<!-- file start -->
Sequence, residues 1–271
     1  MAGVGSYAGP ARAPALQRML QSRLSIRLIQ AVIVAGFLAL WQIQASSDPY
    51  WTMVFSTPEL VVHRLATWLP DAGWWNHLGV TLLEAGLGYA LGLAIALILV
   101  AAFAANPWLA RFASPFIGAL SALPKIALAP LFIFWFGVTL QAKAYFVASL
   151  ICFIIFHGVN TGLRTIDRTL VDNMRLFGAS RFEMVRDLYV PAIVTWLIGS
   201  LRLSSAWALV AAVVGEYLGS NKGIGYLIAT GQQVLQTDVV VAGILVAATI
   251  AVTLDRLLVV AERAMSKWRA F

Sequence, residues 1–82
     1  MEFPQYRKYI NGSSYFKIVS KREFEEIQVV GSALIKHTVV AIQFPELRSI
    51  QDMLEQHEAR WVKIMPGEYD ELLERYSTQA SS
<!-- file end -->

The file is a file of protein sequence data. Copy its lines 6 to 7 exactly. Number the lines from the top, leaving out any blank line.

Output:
   201  LRLSSAWALV AAVVGEYLGS NKGIGYLIAT GQQVLQTDVV VAGILVAATI
   251  AVTLDRLLVV AERAMSKWRA F